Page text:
The FDA has recognized there are eight different isomers of vitamin E. These isomers are split into two categories: RRR or d-alpha-tocopherol, and all-racemic or d, I-alpha-tocopherol. In the new conversion factors, natural alpha-tocopherol will be worth twice the amount of vitamin E as synthetic alpha-tocopherol.
This is another supplement where the % daily value changed. It increased from 80 mcg to 120 mcg. With our Once Daily Multivitamin the label used to show 120 mcg of Vitamin K equaled 150%, now with the new guidelines the label reflects 100% DV. Again, the levels did not change just the recommended daily amount, which caused a shift in the lower %.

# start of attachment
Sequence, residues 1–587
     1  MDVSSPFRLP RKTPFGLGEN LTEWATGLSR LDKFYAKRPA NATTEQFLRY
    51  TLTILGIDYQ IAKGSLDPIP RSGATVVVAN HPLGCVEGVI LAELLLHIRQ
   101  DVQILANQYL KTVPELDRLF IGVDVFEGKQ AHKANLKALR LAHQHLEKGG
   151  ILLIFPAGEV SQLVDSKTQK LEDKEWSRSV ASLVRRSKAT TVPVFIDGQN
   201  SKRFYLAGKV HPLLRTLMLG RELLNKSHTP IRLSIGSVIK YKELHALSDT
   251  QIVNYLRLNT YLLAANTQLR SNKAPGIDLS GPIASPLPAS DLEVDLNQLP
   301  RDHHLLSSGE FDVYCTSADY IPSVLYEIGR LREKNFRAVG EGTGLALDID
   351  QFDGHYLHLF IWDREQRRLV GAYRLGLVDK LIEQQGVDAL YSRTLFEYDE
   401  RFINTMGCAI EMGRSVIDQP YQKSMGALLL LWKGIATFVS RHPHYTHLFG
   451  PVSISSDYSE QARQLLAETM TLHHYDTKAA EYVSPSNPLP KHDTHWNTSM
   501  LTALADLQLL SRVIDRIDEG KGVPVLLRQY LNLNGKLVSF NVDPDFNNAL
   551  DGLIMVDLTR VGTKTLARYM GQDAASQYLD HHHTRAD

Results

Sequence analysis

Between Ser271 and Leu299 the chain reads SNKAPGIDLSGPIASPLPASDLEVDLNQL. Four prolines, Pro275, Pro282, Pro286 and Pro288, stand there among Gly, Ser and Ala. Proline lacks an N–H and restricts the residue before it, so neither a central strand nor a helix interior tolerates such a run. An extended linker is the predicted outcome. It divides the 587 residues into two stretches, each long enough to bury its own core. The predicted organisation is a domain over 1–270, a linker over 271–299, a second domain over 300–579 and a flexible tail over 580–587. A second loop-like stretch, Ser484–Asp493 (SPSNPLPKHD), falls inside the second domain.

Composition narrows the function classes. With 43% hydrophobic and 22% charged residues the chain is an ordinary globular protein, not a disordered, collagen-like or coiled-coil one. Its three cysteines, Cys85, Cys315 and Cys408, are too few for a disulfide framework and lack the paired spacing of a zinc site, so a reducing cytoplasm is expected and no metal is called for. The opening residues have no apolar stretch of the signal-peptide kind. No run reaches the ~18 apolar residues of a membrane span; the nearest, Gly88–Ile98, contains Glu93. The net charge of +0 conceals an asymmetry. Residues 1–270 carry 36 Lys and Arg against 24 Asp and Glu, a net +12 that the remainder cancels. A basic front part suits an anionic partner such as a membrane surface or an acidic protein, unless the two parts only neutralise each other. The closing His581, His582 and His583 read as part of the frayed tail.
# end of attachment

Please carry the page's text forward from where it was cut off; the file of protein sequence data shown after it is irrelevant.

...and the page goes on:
Folate, Folic Acid, Methylfolate
Folate is now measured in micrograms of Dietary Folate Equivalents (DFE). One mcg is equivalent to one mcg DFE, while one mcg of folic acid is equal to 1.7 mcg DFE. Formerly written as 800 mcg, the new daily value is 800 mcg DFE. Percentages stayed the same for this one.
Folate and folic acid are essential to red blood cell formation and healthy cell growth and function. Both can be found in dark green leafy vegetables, beans, peas, nuts, oranges, lemons, and bananas. Methylfolate is the active form of folic acid, this has been shown to absorb better in many patients.
The list of nutrients that are required on labels has also been updated.
Since Americans do not always get the recommended amounts of Vitamin D and potassium, both are now required on nutrition and supplement labels.
The daily recommended amount for Vitamin D is 20 mcg. This nutrient is essential for bone health and can be found in cheese, egg yolks, and fatty fish such as salmon and tuna. Bariatric patients have a higher recommended amount of Vitamin D, with the ASMBS stating 75 mcg is needed.